April 28, 2011

Name: America's 1st Sgt.
Stationed in: Bahrain
Milblog: Castra Praetoria
Email: [email protected]


Small demonstration in Tahrir Square while I was in town. Not sure what it was about but I think at least one sign reads: "Welcome America's 1stSgt!" in Arabic.


Just returned from a command visit to one of my platoons in support of the American Embassy in Cairo. During the revolution the forces of good were able to slip in and reinforce embassy security, allowing the diplomats to continue their mission and keep the consulate open.

As you can imagine the Marines witnessed a number of surreal events during the last 90 days or so. The embassy is roughly 400 yards away from Tahrir Square and I am told the uproar of the crowd was thunderous to say the least. At one point the CS gas was so thick you could still smell it 15 stories up.

As the Marines witnessed the infamous camel charge they could only look at each other dumbfounded: "Did that just happen?" They noted some of the riders were armed with machetes and hacked at the crowd as they plowed through. The riders were almost all snatched off the back of their mounts and swallowed by the furious crowd never to be seen again.

A number of people were burned to death when molotov cocktails were thrown into the streets. Rounds ricocheted through the alleys as shots rang out from rooftops into the square. They saw Lara Logan brought in to the compound: "They beat the $#!% out of her." They also saw Anderson Cooper, who despite being "punched in the head!" seemed none the worse for wear.

In the meantime American State Dept types seemed in awe of young fire breathers willing to place themselves between the hazard and perfect strangers. Fortunately the word is out: the Marines are in town. Those with bad intentions tend to get a little queasy at the sight of armed Marines. "Let's go mess with the French instead."

One of my blood drinkers ready to do violence on others' behalf.


During my visit there was a small demonstration at the embassy. A bunch of nice people politely demanded the release of the blind sheik Omar Abdel Rahman.  The linked article reports "hundreds" of Islamists staged the protest. Hundreds, as in 200 if they were lucky. When all your friends are assassins and killers I guess there isn't a lot of turnout for you.

Egyptian military provides security in front of the American Embassy. We all agreed the armored vehicles would make great anti-zombie conveyances.


Cairo is still picking up the pieces. As you drive around you can still see the burned out government building on the northeast corner of the square as well as the rusting hulks of torched cars littering the area here and there. But life is returning and shops, restaurants, and businesses were open while I was in town. Hopefully the good guys will win this one in the end.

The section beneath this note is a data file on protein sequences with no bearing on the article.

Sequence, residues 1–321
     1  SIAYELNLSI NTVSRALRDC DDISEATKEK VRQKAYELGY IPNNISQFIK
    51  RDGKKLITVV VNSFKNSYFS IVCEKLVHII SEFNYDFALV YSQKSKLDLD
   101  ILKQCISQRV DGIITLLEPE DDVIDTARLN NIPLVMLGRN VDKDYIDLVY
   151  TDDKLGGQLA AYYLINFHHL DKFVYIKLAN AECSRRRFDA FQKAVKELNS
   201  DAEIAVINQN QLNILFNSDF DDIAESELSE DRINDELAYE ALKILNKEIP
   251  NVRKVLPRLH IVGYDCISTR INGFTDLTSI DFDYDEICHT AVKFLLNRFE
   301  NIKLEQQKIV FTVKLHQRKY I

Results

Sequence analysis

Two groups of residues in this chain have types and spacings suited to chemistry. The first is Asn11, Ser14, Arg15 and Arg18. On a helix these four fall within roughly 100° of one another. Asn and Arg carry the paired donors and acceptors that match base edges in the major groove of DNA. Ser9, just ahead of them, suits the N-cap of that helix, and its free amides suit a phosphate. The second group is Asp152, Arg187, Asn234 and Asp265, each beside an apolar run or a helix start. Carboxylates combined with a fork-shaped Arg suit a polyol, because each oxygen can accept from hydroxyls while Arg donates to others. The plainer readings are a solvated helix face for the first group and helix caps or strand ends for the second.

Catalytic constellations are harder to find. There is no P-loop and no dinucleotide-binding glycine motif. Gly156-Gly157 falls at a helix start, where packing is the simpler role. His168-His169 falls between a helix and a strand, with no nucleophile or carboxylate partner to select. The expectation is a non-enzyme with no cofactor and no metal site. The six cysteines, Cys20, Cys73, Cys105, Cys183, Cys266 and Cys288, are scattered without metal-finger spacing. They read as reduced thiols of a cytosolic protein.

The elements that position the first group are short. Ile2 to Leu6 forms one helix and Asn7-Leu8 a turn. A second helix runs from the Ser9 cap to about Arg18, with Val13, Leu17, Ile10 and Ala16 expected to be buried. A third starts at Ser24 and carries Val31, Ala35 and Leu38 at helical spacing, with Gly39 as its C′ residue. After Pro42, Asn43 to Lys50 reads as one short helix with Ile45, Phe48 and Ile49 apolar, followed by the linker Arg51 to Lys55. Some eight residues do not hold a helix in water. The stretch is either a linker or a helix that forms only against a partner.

Semper Fidelis!


April 25, 2011

Name: Scott
Returned from: Afghanistan
Milblog: The Sand Docs

Reunion feels wonderful but it can also be unsettling. I was part of several reunions over the past few days and I wanted to share some of those.

In Germany our flight stops to refuel. Here we are reunited with the concept of having to pay for a bottle of water. This sounds funny but remember, for months our water has arrived boxed on enormous palettes. We've become connoisseurs about which strange-sounding brand of bottled water tastes best -- Dibba or Hayat or Oasis. Now bottled water costs us $2 from the vending machine. Also, we are reunited with our first western-clean toilet. Beautiful. I have nothing more to say on that subject.

Volunteers welcoming a service member home.


Our plane touches down at BWI. There is an organization called Operation Welcome Home that greets troops on the transports returning from the Middle East. As I pass through the customs inspection they are just around the corner. I hear the applauding volunteers. I stop.

It is the final stop for our team that came together so many months ago and has been family for that time. It is the family that has lately been showing some warts. Tempers have been shorter. Politeness is in more limited supply as we got closer to the end. But it has been family. So I stop there to say goodbye. Once we round that corner, we go our separate ways. I feel sadder than I would have guessed at this moment. I say goodbyes and thank you's and wishes for safe travel and pass along the navy's traditional salutation, "Fair winds and following seas." It is a small navy but the truth is that most of us will never see each other again.

After this I turn that corner to cheers from the volunteers. I shake their hands as I pass by. If you are ever in the DC area and looking for something to do, maybe consider shaking hands at BWI after a troop transport lands. At the end of the line, I see the first of the family reunions. Dave, our orthopedist, has met his family. The kids are hanging on his legs. He has a large family and many have made it. I stop to enjoy the scene. I will witness other reunions later in the day. Some are similar, others quiet and low key. Some service members return without a reunion, just a ride home to an apartment or barracks room.

Happy reunion.